%n$ conversion specifications
Earlier we noted that the %n$ form of
conversion specification lets you convert the nth
argument in a printf or scanf
argument list rather than the next unused argument.
We showed you how you could use the feature
to control the format of the date and time
in different locales, and suggested that %n$
had a wider
application than that.
What we had in mind were cases in which the rules
of a given language were built into print statements such as
func == MAP ? "Can't map" : "Can't create", pathname);
The problem with this code
is that it assumes that the verb precedes the object of the sentence,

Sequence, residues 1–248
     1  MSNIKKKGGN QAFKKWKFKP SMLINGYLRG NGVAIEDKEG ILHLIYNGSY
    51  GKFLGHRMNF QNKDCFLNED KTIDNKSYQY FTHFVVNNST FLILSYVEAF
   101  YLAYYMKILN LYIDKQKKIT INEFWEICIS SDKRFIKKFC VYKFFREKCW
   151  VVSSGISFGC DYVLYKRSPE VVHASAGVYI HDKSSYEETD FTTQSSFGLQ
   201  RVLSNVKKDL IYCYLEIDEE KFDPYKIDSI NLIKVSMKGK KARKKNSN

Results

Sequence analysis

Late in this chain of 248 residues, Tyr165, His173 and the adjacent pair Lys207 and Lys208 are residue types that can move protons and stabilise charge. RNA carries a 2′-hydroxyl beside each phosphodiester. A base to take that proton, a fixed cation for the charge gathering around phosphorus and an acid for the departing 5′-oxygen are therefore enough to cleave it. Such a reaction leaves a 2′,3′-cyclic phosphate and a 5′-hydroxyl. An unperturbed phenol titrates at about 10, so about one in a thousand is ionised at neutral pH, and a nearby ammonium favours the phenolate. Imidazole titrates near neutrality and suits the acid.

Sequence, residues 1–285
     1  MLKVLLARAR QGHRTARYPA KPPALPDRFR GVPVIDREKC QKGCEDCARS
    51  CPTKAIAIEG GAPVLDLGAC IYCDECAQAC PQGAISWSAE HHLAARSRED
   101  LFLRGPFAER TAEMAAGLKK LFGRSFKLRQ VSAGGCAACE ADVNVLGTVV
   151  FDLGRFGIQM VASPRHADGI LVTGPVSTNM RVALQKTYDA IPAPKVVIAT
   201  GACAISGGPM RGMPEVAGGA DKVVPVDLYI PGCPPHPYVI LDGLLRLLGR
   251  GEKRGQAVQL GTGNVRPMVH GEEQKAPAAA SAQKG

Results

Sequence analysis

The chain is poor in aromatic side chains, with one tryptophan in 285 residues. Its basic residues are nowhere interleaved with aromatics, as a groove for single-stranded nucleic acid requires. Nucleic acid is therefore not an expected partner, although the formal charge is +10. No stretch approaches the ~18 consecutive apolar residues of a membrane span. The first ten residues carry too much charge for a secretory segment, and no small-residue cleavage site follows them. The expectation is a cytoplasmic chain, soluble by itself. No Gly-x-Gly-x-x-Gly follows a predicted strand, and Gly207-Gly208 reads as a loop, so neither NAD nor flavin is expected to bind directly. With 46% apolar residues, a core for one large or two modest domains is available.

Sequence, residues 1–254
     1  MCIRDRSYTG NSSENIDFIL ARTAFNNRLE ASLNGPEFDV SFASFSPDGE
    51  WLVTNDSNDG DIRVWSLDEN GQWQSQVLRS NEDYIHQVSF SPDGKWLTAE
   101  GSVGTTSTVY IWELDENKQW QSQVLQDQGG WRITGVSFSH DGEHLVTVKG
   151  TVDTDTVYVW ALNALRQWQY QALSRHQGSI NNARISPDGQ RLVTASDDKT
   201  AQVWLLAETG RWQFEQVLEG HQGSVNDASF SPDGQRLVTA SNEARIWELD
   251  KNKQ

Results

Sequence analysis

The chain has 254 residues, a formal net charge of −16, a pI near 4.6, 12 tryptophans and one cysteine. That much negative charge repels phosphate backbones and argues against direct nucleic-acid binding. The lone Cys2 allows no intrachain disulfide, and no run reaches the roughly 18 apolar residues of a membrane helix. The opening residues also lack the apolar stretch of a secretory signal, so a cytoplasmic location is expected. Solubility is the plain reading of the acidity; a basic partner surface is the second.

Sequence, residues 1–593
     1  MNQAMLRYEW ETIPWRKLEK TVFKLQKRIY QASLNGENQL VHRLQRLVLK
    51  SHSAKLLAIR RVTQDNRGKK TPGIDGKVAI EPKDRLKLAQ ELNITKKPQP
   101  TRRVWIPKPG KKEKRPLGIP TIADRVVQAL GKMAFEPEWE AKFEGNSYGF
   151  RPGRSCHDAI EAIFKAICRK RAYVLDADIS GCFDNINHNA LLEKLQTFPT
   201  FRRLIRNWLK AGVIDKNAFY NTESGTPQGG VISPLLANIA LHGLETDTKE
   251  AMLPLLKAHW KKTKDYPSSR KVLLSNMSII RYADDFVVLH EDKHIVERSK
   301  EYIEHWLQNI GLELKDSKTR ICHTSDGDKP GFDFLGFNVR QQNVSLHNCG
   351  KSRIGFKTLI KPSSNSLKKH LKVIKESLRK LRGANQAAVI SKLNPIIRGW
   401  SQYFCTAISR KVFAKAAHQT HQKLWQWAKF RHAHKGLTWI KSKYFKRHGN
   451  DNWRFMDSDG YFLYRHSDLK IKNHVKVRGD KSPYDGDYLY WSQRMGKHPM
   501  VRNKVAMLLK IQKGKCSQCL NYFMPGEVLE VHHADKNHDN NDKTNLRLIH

which is not the case in many languages.
In other words, even if we rewrote the fragment to use gettxt,
and stored translations of the strings in
message files in the appropriate locales,
we would still want to use the %n$
conversion specification to switch the arguments
to printf depending on the locale.
That is, the printf format string
in an English-language locale would be written
in a locale in which the object of the sentence precedes the predicate.
gencat and catgets (X/Open)
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UnixWare 7 Release 7.1.4 - 27 April 2004